Are Mother Courage’s children dead yet?

That’s all I could think during Mutter Courage und ihre Kinder at the Kammerspiele last night. It dragged on and on for what felt like much longer than two hours. And there was no intermission, so there was no chance of escape. The Munich Kammerspiele has a long history with this show—they actually staged the second-ever production in Germany, with Brecht himself directing. One presumes he made it a lot more interesting than this new production’s director, Thomas Schmauser.

Ursula Werner, Lena Lauzemis, Peter Brombacher, Christian Löber, Stefan Merki, and Leonard Klenner. Photo: Julian Baumann
Ursula Werner, Lena Lauzemis, Peter Brombacher, Christian Löber, Stefan Merki, and Leonard Klenner. Photo: Julian Baumann

The show was often physically painful. I realize that Brecht plays are supposed to provoke discomfort, but I always thought that was intellectual discomfort. Here, long songs sung off-key and whole scenes that were shouted at the top of the actors’ lungs (in the small black box venue) forced me to cover my ears. Lena Lauzemis’s shrill, nasal voice as Yvette hurt, too. Taking things to extremes can be effective, but not when those extremes are so annoying that they distract from the words and story.

Lena Lauzemis as Kattrin. Photo: Julian Baumann
Lena Lauzemis as Kattrin. Photo: Julian Baumann

But the overall impression the show left on me was not of pain, but of boredom. I didn’t care about the characters. (Brecht doesn’t really want audiences to, but part of what makes his shows effective is that we usually do, anyway.) I didn’t care about the war. (And I think I actually was supposed to care about that.) I didn’t take away any deep messages about conflict, other than its senselessness. (Although that’s one of the play’s main points, it hardly takes a two hours to convey that.)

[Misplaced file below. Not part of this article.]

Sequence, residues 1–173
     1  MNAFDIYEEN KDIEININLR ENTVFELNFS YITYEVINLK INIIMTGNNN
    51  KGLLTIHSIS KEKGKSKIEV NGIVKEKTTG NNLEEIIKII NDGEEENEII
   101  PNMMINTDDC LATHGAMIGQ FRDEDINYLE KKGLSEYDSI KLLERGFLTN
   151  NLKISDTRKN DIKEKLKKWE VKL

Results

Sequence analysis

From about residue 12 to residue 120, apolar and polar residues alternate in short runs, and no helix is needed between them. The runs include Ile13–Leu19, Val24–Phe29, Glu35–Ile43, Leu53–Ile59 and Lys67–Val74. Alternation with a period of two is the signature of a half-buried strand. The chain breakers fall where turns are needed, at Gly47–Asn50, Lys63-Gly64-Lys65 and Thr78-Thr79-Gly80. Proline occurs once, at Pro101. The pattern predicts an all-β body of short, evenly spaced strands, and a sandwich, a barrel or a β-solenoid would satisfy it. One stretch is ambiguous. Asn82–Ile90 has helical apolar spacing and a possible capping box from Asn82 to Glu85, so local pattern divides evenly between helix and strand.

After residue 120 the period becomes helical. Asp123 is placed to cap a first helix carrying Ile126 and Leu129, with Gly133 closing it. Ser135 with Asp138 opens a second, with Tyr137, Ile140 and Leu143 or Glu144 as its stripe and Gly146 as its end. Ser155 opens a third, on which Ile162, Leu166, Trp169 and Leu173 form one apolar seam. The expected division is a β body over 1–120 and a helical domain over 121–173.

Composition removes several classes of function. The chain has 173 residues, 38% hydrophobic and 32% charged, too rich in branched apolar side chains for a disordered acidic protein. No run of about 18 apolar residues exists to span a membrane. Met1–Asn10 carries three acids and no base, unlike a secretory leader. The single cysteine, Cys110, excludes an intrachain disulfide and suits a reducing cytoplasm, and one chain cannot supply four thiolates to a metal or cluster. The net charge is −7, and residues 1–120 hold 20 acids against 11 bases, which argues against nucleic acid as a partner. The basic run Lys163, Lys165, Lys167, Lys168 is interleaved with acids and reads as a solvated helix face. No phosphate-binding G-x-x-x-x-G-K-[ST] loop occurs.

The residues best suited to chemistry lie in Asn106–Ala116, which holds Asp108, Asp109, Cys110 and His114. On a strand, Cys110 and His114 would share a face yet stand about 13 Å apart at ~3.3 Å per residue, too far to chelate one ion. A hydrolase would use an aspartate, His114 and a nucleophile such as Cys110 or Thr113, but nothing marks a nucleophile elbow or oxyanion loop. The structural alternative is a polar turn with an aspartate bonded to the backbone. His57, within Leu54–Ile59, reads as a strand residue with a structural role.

Christian Löber, Ursula Werner, and Lena Lauzemis. Photo: Julian Baumann
Christian Löber, Ursula Werner, and Lena Lauzemis. Photo: Julian Baumann

Part of the problem was that the cast seemed awfully unenthusiastic, especially for a new production premiere. I imagine it’s actually the director’s fault—that his interpretation of Brechtian style included low-energy performances. Because there was clearly some talent on the stage. As Mother Courage, Ursula Werner showed an impressive command of theatrical technique, with wonderful quick snaps between melodrama and stoic indifference. Stefan Merki’s quietly humorous Cook gave the play its only lively moments.

Ursula Werner as Mother Courage. Photo: Julian Baumann
Ursula Werner as Mother Courage. Photo: Julian Baumann

Not that Schmauser didn’t try to liven things up—he just went about it the wrong way. Unfunny gag after unfunny gag went on far too long. Everyone kept returning to close a door that constantly fell open. The Chaplain suffered from a lack of proper control over his bodily functions and poor personal hygiene. The prompter repeatedly interrupted his soldierly marching on- and off-stage with tap-dancing. The audience sometimes tittered the first time each of these things happened, but never the third or the dozenth.

I was looking forward to seeing Brecht’s masterpiece of twentieth-century theater. Hopefully, I will have another opportunity to see it in the future, because this production left me unimpressed.

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